Eric Anthony Souza-Ponce
Eric Anthony Souza-Ponce states that Rain City taught him that running is both an individual and a team sport. Before connecting with Rain City as an 8th grader he ran with his mother and participated in middle school track. He understood how to run as an individual. But it was with Rain City that he first ran cross country and learned about teammates pushing each other and competing to success for the each runner as well as the team.

His first year as a Flyer Eric Anthony’s team advanced to regionals. It was his first time traveling to race and the race did not go as planned. He lost a shoe in the mud halfway through but finished the race. While the team didn’t advance, Eric learned a lesson-- no race is wasted as long as your learn something. He still has that muddy shoe as a reminder that things won’t always to as planned – but you can still finish the race.

Eric Anthony took this learning into high school where he had a standout career as a member of the Ballard High School cross country and track teams, including serving as captain of the XC team. He competed at the State XC meet three years. He also returned to Rain City his freshman year to help the 13-14 boys qualify for Nationals.

When the pandemic hit is 2020 Eric Anthony found ways while his family was in in strict lockdown to train by himself and stay committed to running. In the absence of a track season he also took advantage of zoom meetings to delve more deeply into his passion for racial equity. He worked with many programs addressing those issues and was the recipient of numerous awards related to that service work, including the Stim Bullitt Civic Courage Award.

Eric is an exemplar of citizen/athlete. He will attend Western Washington University where he will continue his running career as recruit to their highly respected cross country and track programs. And he will continue to pursue his passion for racial equity through his major of American Cultural Studies.

The Rain City Community joins in a cheer for Olivia, Danielle, Pete and Eric Anthony -- the 2021 RCF Scholarship Award Recipients and for all graduating RCF participants … WIN RAIN CITY!

 

2020 Scholarship Recipients

We are pleased to announce the 2020 RCF Scholarship recipients: Nicky DiMartino, Camille Duckett, Michael Lewis, and Asa Selenis. All graduated from Seattle high schools this spring and will be going on to college in the fall. Their biographies were somewhat curtailed this year due to Covid-19. For the same reason we will not be able to have a summer recognition event for them. We wish all of them well as they continue their education in the fall.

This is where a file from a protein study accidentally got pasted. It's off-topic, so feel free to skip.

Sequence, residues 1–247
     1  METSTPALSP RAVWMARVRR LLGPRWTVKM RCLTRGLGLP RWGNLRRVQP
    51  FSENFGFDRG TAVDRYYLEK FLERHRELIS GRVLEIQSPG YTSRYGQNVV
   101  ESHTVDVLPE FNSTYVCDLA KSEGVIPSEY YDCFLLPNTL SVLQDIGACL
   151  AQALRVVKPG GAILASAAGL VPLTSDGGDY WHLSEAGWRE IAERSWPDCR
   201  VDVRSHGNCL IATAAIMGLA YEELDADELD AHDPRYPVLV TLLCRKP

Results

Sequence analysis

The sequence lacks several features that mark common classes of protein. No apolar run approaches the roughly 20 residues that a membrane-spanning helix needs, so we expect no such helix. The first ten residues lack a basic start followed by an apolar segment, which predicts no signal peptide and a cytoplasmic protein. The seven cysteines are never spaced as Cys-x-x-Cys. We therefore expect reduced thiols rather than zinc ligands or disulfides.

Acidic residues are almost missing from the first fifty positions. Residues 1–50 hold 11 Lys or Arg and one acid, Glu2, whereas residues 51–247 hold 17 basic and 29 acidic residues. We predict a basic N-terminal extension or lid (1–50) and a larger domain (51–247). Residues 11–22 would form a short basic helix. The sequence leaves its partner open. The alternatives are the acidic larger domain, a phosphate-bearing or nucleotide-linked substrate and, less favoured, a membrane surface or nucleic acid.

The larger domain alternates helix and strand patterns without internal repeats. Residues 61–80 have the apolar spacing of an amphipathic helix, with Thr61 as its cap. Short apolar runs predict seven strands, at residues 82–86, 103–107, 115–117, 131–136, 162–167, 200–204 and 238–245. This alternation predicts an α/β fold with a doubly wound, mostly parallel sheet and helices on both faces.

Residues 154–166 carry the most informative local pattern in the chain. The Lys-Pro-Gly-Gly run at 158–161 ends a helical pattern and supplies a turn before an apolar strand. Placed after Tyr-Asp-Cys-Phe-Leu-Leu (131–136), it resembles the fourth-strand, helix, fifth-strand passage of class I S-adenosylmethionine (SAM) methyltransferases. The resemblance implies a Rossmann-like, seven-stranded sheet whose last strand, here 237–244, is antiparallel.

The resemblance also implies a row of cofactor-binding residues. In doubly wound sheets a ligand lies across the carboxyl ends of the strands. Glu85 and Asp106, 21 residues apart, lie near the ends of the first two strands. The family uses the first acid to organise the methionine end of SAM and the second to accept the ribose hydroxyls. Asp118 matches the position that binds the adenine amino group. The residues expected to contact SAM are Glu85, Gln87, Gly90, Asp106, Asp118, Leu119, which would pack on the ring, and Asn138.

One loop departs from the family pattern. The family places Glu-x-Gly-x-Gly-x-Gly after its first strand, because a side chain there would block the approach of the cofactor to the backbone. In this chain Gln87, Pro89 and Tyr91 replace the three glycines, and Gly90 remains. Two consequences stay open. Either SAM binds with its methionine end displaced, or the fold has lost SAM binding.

2019 Scholarship Recipients

We are pleased to announce that the 5 recipients of Rain City Flyers scholarships for 2019 are:  Harrison Fitch, Anya Hirschfeld, Dani Lockert, Lydia Montgomery, and Mina Young.  All will be graduating from Seattle high schools this spring and going on to college in the fall. 

Since its creation in 20013, the RCF Scholarship fund has awarded 18 scholarships totalling $11,900, thanks to the generosity of RCF parent, friends and supporters.   Thank you!

Harrison Fitch
As a Rain City Flyer Harrison was a model of true grit. He was a determined competitor and team leader, competing with the cross country team from 2009-2015. His first JO National competition was Birmingham AL in 2010, with several more to follow.

When Harrison entered high school at Roosevelt, he exchanged his racing spikes for football pads. He also carried forward from Rain City his skills of perseverance and dedication and his ethic to work his hardest when the going got tough. This allowed him to excel on the field where he matured into one of Roosevelt’s star players.
As he got older, Harrison realized that while sports were great, academics and community involvement were also important. He worked very hard for good grades, creating good scholarly habits to carry into college and the work place. And he gave back to his communities, as a camp counselor at the annual RHS youth football camp, and through projects such as park clean ups across the city.

Harrison will study business at the University of Washington. He has a set a plan for his future and without a doubt attributes parts of who he is and plans to be to the experiences he had running for the Rain City Flyers. He identified both coaches and all the parents who helped out as inspiring him and expresses his gratefulness with “Win Rain City”!

Anya Hirschfeld
It was as a Rain City Flyer Anya first realized her passion for running. As with her interest in many childhood activities, Anya followed the footsteps of an older sibling onto RCF. However, she soon realized running as something more meaningful for her.

Anya competed in JO cross country from 2009-2018. She achieved All American at the 2011 JO national cross country meet in Myrtle Beach SC and was a JO track All American in the 800 in 2015. She holds the RCF team 800 record for 13-14 girls at 2:15.13. While Anya was motivated by her successes at meets, she was inspired by the friendships, games, teamwork and having an outlet with Rain City where she could just be herself.

Anya is a true scholar/athlete. Academically she has maintained a near perfect GPA and is graduating 12th in her class at Ingraham, all while exceling athletically. She qualified for the State cross country meet all 4 years, with a high finish of 7th in 2018. She was a 4-time state meet qualifier in the 800 (2nd in 2019) and 3-time qualifier in the 1600 (3rd in 2019), with personal bests of 2:11.84 and 4:57.42, respectively.

After graduation Anya will attend Dartmouth College where she will run competitively. She has yet to decide if she will major in comparative literature or human geography. But she is committed to both academic achievement and continuing to improve on the track. Her scholarship application salutation expresses her RCF spirit she will carry forward: “To many more years of inspiring kids through running.”